The Commodification of God

Commodification has led most people to view God as a device to be used rather than an all-powerful Creator to be revered. This also explains our abundant and careless words about him. Is it any surprise that a divine butler would fail to provoke reverent silence? What need is there to rein in one’s tongue if God is merely a cosmic therapist? The god of Consumer Christianity does not inspire awe and wonder because he is nothing more than a commodity to be used for our personal satisfaction and self-achievement.

— The Divine Commodity: Discovering a Faith Beyond Consumer Christianity” by Skye Jethani

Review: The Book of Strange New Things by Michel Faber

I am somewhat torn as to my reaction. I really enjoyed it for about 75% but then it felt like it was dragging a bit.
But no sooner had I begun to feel that, it cranked up the tension and I stayed up late to finish it. I guess I am more on the positive (some nearly gushing) reviews spectrum than I am on the negative. But, perhaps because I am not all that knowledgeable about science fiction or speculative fiction, I can’t quite see the profound and literary masterpiece some have found.

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Rowan Williams: the case for blasphemy

If you are forbidden to voice the hard questions, this might suggest that faith survives only by never being challenged. The person who actually expresses their fury or disgust or disillusion can, at least sometimes, be demonstrating faith of a sort, confidence that, if God is real, it is possible, even necessary, to say what you feel about Him – and that, unless you can say this, the God you started with is not worth believing in. This underpins many of the Jewish Psalms or the poems of George Herbert or Gerard Manley Hopkins. Blasphemy resists the conspiracy of silence about the agonising difficulties of belief, resists the stifling of a real and honest response to an unjust world.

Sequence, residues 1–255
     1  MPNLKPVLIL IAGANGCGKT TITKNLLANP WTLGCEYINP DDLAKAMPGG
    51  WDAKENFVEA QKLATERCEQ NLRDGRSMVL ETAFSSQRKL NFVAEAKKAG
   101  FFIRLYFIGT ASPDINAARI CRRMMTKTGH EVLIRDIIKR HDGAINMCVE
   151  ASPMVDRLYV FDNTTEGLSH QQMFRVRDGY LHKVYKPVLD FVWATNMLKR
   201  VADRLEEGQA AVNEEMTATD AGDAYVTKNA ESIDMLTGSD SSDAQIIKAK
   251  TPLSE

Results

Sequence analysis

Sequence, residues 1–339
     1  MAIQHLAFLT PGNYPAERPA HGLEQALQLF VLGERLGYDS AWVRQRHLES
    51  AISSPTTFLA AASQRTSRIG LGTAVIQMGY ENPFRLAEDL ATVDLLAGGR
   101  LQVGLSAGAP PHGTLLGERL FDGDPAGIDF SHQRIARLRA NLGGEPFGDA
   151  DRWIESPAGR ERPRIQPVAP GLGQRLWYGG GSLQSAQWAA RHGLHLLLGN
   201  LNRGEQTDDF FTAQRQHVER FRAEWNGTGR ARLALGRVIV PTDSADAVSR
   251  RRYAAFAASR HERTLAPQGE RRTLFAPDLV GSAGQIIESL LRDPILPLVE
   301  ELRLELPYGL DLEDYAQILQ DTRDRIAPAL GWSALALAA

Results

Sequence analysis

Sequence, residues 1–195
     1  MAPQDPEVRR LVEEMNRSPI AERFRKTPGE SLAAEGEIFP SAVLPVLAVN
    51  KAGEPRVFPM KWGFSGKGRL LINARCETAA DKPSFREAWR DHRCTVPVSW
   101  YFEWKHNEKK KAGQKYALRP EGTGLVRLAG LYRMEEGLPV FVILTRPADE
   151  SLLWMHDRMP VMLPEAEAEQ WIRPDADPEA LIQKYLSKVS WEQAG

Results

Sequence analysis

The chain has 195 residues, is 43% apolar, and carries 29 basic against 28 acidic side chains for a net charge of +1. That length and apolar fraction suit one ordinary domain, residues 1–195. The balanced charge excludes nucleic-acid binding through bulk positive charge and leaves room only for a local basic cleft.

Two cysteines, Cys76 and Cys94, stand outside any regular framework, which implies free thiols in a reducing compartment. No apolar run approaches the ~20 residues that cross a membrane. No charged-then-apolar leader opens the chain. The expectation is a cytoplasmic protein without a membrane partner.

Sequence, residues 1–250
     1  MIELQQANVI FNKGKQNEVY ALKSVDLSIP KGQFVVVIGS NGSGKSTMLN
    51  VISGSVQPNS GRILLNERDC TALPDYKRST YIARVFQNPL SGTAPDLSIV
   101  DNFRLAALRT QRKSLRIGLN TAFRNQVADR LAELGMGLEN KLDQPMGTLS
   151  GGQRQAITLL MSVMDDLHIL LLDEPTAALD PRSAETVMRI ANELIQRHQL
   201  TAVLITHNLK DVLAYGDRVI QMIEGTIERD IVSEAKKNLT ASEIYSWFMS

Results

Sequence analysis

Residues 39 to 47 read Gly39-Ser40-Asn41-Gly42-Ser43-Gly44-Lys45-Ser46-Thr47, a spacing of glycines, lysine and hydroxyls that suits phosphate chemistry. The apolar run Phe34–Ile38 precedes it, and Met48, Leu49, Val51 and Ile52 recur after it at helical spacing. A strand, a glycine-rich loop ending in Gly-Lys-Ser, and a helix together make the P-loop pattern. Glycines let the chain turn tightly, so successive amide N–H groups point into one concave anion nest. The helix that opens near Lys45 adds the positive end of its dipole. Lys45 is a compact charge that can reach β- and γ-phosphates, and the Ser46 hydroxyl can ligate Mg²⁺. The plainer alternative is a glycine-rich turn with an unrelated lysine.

Source: Rowan Williams: the case for blasphemy

The three big stories of modernity

So far there have been three widely influential stories about the rise of modernity: the Emancipatory, the Protestant, and the Neo-Thomist. The Emancipatory account argues that modernity is fundamentally about the use of rediscovered classical learning, especially the Skeptics and Epicureans in their literary and philosophical modes, to liberate European Man from bondage to a power-hungry church and religious superstition. The Protestant account argues that modernity marks the moment when rediscovered biblical languages reconnected people with the authentic Gospel of Jesus Christ, obscured for many centuries by those same power-hungry priests and by the obscurantist pedantries of Scholastic philosophy. The Neo-Thomist account argues that what the others portray as liberation or deliverance was instead a tragedy, an unwarranted rebellion against a church that, while flawed, had managed to achieve by the high Middle Ages a unity of thought, feeling, and action — manifest in the poetry of Dante, the philosophy of Thomas Aquinas, and the great cathedrals of the era — that gave great aid, comfort, and understanding to generations of people, the high and the low alike.

— Alan Jacobs

The Soul of the Marionette

If the only alternative to Gnosticism is Stoicism—if the intellect of man is forced to choose the wild outward spirit or the stern inward soul—then we have made no philosophical advance since the days of the Roman Empire and the closing of the ancient mind. It is now as it was then: Valentinus stands at one door, smiling, while Seneca, stands at the other door, frowning, and the dim cave of human falsity offers no other exits. For the world, you have to understand, remains a vile and vicious place. The body is little more than some disease, while matter is merely the stuff that ensares the soul.

Or so at least it seems to John Gray—the dark specter who, since the 1980s, has haunted British philosophy with a determination that seems to alternate between grim and gleeful. Somewhere along the line, Gray decided to be the rain cloud that spoils the picnic. The wedding guest who insists on talking about funerals. The neighbor playing “MacCrimmon’s Lament” over and over on the bagpipes while you’re trying to take a nap.

Jospeh Bottum reviews The Soul of the Marionette